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Allain Duhangan Hydropower project, India


Allain Duhangan Hydroelectric Project (ADHP) was proposed by AD Hydro Power Ltd. (ADPL); it is a run-of-the-river 192 MW hydro power project at the confluence of Allain & Duhangan rivulets at Prini village (closed to Manali and Jagatsukh towns) of Kullu district in Himachal Pradesh state of India. The area is very well known for prosperous agriculture (especially apple orchards) and touristic attractions, including trekking and skying facilities.

The proposed project harness hydro energy from a combination of glacial snow melt and monsoon rains in the two rivulets and supply it to various consumers through Northern Regional Grid (NR grid)[1]. This project also includes the construction of a 175 km high voltage line for transmission of power to the national grid connection point located at Nalagarh in Himachal Pradesh. Its construction started in April 2010 and was inaugurated in 2012.

With support from the World Bank Group, the Norwegian government, private investors built the plant. According to the Norwegian company, "Through generation of renewable energy, Allain Duhangan will replace some of India`s thermal power production and the UN confirms the project will reduce global CO2 emissions by an estimated 495 000 tonnes annually. " [5]. The project was also taken up under the United Nations Framework Convention on Climate Change (UNFCCC). At that time, it was the largest among all the hydropower projects from all over the world registered to get credits under CDM. It is also slated to get the largest number of credits, at around 4.94 million CERs (Certified Emission Reduction credits). This was in spite of the fact that there is evidences that it had been conceived far before applying to CDM and had been even given a first financial clearance. It is therefore hard to prove that it responds to the additionally CDM criteria. The South Asian Network on Dams, Rivers and People (SANDRP) also notes that it is "interesting to know that ADP is India’s first merchant hydropower project. This means that the project developer will not have any power purchase agreement with any electricity board or distribution company. It would rather sell the project based on short term contracts based on spot market prices. What this implies is that the project developer found the project so economically viable that he decided to forgo the relative safety of PPA and was ready to take up the risk of merchant sale. The project was thus more viable than most other hydropower projects that require PPA. This should again be a factor in disqualifying the project from consideration of CDM credits". The network thus considers that this is a $75 Million fraud, as this is the sum it would get at the time of CDM application from CERs [9]. The Certified Emission Reductions will be sold to the Italian Carbon Fund for which the World Bank is the Trustee.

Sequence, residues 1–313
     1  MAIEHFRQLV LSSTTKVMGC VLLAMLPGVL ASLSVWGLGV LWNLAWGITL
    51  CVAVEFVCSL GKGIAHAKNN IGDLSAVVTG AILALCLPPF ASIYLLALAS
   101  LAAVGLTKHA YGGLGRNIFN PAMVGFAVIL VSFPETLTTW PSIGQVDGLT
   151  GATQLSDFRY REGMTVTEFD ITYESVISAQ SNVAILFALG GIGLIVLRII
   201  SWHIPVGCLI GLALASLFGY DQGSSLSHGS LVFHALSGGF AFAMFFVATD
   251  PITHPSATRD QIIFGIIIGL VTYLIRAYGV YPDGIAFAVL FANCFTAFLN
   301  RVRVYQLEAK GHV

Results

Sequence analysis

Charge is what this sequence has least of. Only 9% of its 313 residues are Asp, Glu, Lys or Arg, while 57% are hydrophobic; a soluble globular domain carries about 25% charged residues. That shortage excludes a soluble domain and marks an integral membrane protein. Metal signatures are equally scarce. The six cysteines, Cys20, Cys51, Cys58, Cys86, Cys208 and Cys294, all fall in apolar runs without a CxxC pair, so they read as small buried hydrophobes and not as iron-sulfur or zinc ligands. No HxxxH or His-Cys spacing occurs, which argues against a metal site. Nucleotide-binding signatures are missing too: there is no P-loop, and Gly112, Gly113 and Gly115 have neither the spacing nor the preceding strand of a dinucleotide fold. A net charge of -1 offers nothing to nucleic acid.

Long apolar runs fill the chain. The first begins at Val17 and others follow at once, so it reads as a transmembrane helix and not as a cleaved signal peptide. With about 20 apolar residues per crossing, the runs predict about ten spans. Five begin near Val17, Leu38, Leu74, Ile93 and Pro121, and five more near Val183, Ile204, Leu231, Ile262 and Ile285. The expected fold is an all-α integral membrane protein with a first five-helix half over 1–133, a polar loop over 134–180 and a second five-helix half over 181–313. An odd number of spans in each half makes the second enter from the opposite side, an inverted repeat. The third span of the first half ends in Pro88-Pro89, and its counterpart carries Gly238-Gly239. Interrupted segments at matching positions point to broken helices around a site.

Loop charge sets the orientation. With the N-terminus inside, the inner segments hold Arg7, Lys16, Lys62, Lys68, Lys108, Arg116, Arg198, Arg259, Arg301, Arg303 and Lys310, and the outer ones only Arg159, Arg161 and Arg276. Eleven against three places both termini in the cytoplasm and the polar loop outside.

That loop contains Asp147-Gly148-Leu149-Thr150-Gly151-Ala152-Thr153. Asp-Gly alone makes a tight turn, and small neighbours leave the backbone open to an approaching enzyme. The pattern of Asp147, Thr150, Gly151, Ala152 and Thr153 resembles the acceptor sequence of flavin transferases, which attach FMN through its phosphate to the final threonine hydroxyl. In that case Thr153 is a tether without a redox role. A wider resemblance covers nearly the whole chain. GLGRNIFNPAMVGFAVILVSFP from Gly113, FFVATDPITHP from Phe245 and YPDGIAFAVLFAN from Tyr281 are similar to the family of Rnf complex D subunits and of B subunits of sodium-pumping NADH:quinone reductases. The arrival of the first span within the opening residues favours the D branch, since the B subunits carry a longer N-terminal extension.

The project has caused many protests and mobilizations in the region. The project is in fact located on village lands, affecting the local population and their means of livelihood as it will divert the creeks on which the farmers have so far depended for their livelihoods. It will also affect apple fields and tourism related activities. Local people have filed numerous complain letters, such as to the President of the World Bank and the Ombudsman of the IFC, which is also financing the project. In this last letter, they state: "The project is likely to dry up the Duhangan river, which is a lifeline for Jagatsukh village as the whole village (as some others) depend on the river for our drinking water, for our irrigation water and the river has great cultural and religious significance for the village. Our concerns on this issue have not been satisfactorily addressed by the company, the consultants for the ESIA or the IFC in spite of repeated reminders about these concerns" [6, 7, 8] Ironically enough, since not all the villagers will be physically displaced, they are falling through the cracks of the World Bank’s safeguard policies and are not entitled to compensation measures.